Wednesday morning, while out gallivanting about on my Top Secret Mission, I spotted a prominent member of our Louisville cycling community, Ian Ritchie, riding his soup-train bike up a hill on his way (I presume) to his 'home base' at Saint Andrew's Episcopal, my church.
Shortly thereafter, as Ian waited for a light to change, a woman in a silver sedan plowed right into the rear-end of his trailer. She then tried to leave the scene, though Ian got her license plate number. I imagine that her excuse will be that she 'just didn't see him' — but if she really just didn't see a sixteen-foot long train of bicycle and soup wagon with its driver clad in a neon-yellow safety vest, she probably shouldn't be driving.
Our local newspaper reports that Ian's doctors project he'll be back in action in about a week, but for someone who makes his living making delicious soup and delivering it by bike, that's a lot of time out of work, and a bit hit to the bottom line — and that's not even counting any damage to Ian's carefully-crafted soup schlepper.
Early this morning, another cyclist was struck on Hurstborne Parkway just a mile or so south of Shelbyville Road. The cyclist was killed.
Part of me can't help but note that were it not for the fact that my road bike is awaiting a new set of pedals, I would have been out riding at the same time one of my comrades-on-wheels was killed. No further details have been released, so I don't know if there were any factors like missing lights or alcohol involved. Regardless, it's sobering to think about.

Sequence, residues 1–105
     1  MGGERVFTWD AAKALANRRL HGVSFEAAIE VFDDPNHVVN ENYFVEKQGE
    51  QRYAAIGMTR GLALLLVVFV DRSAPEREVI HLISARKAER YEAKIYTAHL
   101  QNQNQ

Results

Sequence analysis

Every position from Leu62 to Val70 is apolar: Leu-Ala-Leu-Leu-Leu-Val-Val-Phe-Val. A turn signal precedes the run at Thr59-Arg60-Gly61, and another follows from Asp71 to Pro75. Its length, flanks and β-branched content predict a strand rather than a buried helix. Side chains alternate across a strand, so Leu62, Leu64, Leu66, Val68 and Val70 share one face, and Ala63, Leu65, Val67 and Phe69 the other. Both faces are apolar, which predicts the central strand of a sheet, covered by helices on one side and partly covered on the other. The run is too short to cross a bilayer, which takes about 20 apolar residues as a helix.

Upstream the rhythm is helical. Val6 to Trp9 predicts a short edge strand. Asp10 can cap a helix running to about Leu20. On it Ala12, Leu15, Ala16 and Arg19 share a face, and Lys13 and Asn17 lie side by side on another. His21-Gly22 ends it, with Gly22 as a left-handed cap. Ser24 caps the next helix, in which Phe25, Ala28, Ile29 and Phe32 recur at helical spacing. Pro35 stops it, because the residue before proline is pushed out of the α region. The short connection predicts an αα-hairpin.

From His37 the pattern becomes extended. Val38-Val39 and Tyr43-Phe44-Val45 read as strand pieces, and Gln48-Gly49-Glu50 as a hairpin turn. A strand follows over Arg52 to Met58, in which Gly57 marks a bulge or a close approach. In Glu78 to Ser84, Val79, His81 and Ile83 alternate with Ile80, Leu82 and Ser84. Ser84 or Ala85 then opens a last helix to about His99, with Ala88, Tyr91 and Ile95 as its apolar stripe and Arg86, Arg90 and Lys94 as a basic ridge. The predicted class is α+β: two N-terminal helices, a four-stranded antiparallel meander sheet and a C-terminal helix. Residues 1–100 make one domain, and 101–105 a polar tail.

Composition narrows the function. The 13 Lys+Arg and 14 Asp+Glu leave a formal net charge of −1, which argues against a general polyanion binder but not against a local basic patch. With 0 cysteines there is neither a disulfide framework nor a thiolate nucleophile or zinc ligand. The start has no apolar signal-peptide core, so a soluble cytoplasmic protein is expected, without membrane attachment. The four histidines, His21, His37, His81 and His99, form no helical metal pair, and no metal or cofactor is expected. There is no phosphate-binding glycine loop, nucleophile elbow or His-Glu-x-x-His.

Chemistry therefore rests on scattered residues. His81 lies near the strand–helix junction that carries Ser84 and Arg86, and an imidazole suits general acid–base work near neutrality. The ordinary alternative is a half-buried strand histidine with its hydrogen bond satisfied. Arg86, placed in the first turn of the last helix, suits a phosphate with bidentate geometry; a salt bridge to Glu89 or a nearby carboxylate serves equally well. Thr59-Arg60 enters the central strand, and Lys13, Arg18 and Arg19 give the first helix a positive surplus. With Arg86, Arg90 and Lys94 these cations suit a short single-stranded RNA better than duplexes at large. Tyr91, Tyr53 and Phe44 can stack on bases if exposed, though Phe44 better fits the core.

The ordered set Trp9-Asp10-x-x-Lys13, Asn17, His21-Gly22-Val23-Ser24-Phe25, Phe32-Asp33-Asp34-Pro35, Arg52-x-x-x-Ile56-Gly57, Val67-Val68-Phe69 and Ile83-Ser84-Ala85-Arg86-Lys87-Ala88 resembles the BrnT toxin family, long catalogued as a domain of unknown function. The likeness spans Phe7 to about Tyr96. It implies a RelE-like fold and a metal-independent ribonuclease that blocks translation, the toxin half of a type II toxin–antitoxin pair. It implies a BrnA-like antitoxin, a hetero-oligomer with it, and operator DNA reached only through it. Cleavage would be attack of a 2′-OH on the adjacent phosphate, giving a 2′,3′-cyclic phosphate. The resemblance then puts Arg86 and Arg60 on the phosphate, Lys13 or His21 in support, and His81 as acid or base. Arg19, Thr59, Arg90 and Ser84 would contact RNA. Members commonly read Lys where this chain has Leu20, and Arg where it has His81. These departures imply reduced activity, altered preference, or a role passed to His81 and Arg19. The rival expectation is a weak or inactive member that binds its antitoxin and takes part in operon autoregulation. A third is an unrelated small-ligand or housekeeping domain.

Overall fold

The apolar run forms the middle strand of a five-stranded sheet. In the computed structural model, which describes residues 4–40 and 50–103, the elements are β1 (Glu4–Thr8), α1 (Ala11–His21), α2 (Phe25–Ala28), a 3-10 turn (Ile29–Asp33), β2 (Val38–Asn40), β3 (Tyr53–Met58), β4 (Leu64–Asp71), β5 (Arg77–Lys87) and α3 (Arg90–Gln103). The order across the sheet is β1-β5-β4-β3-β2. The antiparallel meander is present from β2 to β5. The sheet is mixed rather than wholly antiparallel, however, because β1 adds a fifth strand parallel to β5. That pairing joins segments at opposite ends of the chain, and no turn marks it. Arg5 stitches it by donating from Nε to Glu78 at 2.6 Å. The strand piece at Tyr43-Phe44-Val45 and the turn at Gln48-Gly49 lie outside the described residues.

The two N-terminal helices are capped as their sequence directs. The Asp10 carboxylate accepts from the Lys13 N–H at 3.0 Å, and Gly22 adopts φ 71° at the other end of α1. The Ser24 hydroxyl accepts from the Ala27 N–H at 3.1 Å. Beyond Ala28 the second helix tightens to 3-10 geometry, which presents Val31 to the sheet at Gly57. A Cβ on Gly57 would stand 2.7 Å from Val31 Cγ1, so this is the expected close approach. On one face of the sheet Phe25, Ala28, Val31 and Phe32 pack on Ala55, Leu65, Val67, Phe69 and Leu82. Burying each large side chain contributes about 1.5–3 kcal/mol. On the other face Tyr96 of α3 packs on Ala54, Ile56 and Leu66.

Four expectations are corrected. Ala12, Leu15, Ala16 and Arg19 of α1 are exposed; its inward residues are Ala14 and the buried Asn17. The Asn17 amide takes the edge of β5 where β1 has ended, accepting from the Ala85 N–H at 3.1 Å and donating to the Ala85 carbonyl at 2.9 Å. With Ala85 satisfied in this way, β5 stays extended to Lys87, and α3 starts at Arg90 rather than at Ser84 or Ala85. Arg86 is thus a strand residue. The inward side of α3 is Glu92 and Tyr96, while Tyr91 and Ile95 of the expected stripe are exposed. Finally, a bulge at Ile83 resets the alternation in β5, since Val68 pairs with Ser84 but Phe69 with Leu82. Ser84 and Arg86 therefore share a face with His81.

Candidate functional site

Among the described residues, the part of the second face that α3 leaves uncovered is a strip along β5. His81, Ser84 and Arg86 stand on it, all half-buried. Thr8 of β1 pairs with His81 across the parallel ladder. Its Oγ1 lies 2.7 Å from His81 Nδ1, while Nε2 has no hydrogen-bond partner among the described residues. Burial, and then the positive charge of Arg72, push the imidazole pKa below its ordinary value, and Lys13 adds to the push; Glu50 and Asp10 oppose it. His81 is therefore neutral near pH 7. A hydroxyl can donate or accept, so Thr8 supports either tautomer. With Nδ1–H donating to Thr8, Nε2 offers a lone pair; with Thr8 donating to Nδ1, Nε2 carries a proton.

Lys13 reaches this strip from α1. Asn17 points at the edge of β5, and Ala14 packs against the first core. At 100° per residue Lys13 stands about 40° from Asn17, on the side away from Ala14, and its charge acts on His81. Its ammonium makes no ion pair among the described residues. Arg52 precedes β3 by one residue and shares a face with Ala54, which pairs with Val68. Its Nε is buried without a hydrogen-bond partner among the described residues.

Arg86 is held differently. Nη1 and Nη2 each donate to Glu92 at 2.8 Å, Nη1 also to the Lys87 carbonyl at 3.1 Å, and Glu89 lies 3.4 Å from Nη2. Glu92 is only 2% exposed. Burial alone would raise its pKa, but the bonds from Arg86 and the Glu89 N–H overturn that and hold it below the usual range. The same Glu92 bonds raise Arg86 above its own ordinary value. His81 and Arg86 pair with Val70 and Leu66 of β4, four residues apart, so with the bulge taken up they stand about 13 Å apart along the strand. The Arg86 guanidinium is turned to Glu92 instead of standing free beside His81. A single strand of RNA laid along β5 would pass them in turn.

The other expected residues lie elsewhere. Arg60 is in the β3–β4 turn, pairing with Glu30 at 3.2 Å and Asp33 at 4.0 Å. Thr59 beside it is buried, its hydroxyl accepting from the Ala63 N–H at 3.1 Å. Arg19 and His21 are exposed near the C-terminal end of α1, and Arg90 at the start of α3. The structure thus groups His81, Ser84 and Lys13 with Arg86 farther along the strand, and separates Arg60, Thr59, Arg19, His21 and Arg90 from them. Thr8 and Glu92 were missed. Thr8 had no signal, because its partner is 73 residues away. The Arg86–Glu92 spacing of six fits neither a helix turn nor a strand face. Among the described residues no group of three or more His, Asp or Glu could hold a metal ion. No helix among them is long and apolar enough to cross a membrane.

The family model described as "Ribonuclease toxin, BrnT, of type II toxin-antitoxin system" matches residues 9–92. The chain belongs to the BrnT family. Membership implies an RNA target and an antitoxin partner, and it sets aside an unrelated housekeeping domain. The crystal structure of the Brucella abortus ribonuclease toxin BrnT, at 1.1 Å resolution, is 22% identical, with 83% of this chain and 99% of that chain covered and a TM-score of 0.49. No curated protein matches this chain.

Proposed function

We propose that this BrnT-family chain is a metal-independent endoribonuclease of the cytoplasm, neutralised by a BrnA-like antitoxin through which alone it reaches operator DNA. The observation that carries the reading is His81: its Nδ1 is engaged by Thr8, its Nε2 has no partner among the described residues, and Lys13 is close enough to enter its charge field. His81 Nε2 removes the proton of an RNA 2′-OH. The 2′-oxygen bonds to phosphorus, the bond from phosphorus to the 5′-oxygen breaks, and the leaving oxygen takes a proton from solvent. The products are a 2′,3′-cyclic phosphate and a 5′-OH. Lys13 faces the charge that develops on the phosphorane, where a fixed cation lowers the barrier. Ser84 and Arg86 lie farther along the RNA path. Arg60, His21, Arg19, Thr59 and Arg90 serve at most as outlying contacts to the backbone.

Note that this doesn't mean I'm going to stop riding my bike. Far from it: I think the only way we cyclists are ever going to gain a fair measure of respect is, first, to obey the rules of the road, and second, to become such a common sight on the roadways that drivers become accustomed to looking for us just as they look for mopeds, scooters, motorcycles, and even semis.
Does this mean I'm going to judge anyone who decides to hang up his or her cycling shoes or opts only to ride off-road for a while, though?
It does mean that I'm going to try to make sure that every time I'm out on the roads, I check in with DD when I get where I'm going. It does mean I'm going to try to be a little less of a proselytist with my friends who are afraid to ride on the roads. It does mean I'm going to strap about fifty more lights to poor, long-suffering Quicksilver, and one on my helmet for good measure (if anyone asks, I'll just say they're for Christmas).
I still believe that Louisville has actually made some very real strides towards becoming a bike-friendly 'berg. However, that being said, it's weeks like this one that remind me exactly how far we have to go.
The strife isn't over; the battle's not won. We've got a lot more work to do before the United States is a country where every life really counts — even those lives that ride on two wheels instead of four.